Saturday, 14 July 2012

Cherry Butter

"What's in a name? That which we call a rose by any other name would smell as sweet..."

So I wanted to tell you about my new found love for fruit butter. I realised though, that really the name makes no sense at all and you might be expecting something completely different from what I'm about to tell you about. Shakespeare might be right, the end product would still be the same, but for me half the excitement about a new recipe is in the anticipation of just how amazing it might be.... and believe me, this is amazing.

What is fruit butter? The best way to describe it is to say that it has the smoothness of a fruit puree, the thickness of a jam and the punch of the purest fruit flavour you will ever enjoy. That's a promise.

So why's it called fruit butter? I honestly don't know the real reason, but to me it makes sense because it is so unbelievably versatile (like butter), it's spreadable (like butter) and it has quickly become an essential ingredient that I can't live without (like butter).

I already mentioned one way to use fruit butter in my last post, where I used peach butter as a glaze for gammon (this cherry butter would work particularly well with duck)- but really that's just the beginning of the endless possibilities! Are you sitting comfortably? Then I'll begin:

- As a glaze for meat
- On top of or mixed into yoghurt 
- On toast
- With pate
- On ice-cream
- On porridge
- On scones (with cream, of course)
- As the base for cocktails
- For danish pastries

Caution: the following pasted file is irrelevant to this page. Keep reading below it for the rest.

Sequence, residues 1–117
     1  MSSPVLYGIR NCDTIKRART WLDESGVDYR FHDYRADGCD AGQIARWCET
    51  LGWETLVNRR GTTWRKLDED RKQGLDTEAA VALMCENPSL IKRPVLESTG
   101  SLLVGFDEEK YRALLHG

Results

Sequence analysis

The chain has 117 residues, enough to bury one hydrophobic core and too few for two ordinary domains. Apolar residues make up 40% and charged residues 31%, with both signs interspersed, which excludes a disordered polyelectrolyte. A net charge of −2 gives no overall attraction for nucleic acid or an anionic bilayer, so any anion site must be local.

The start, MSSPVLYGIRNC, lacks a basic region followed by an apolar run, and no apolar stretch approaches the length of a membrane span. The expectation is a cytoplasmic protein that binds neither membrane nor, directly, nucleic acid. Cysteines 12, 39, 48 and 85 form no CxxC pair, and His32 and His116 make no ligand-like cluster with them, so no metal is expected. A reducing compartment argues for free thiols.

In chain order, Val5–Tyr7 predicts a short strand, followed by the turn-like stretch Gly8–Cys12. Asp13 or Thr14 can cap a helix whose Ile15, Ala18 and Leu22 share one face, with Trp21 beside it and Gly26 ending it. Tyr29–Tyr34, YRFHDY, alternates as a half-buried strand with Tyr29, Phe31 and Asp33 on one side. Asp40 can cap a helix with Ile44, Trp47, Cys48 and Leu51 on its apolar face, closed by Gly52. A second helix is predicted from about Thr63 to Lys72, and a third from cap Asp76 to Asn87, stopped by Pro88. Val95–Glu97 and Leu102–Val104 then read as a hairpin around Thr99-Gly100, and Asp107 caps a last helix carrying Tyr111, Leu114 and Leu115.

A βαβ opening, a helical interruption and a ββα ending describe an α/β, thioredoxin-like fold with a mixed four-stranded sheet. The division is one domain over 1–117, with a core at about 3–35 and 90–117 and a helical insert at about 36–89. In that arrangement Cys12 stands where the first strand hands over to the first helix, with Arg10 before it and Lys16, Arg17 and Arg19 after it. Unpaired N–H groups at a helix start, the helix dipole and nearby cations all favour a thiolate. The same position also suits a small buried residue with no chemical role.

- In a cheesecake
- As a sweet dip
- As a cake filling
- As the base for a variety of condiments (I'll tell you soon how to use cherry butter to make an amazing barbecue sauce or a variation of chinese plum sauce)

Get the idea? Intrigued? Good :) It really is so simple...

Cherry Butter
1.8kg/ 4lbs cherries, de-stemmed and pitted
1 cup water
2 cups sugar (jam sugar preferably)
Juice of half a lemon
2 tblspns vanilla extract (you don't really taste this, it just rounds out the flavour)
1) Have a whole lot of fun de-stemming and pitting your mountain of cherries- I don't own a cherry pitter, so I actually just used the stem end of a beater from an electric whisk to push them out! You may want to wear gloves for this, and clothes that you don't mind staining...

2) Put all the cherries in a biiiiig pot with the water over a medium heat, bring to a boil then simmer for 20 minutes until the cherries have softened.

3) Using a stick/ immersion blender (ideally, it's a bit messy to transfer to a food processor) blend the cherries until smooth.

4) Transfer to a slow cooker and stir in the sugar, lemon juice and vanilla. Prop the lid of your slow cooker open, either on a slant or using something like wooden skewers laid across the pot to raise it up. I know this goes against normal slow cooking etiquette, but the aim is to reduce the mixture down and thicken it considerably so we need the evaporation!

5) Set your slow cooker on low and leave it on over night. Check back on it occassionally and give it a wee stir now and again, but don't worry about it as the low temperature means it won't burn (you'll get some sticky bits round the edge but these are super yummy and should just be stirred in towards the end). I think I left mine on for about 12 hours in total.

6) Once it reaches a jam like consistency, you're done! Decant into jars and enjoy!
This made 1.5 litres (about 6 cups-ish.... sorry Americans) of yummyness for me :)

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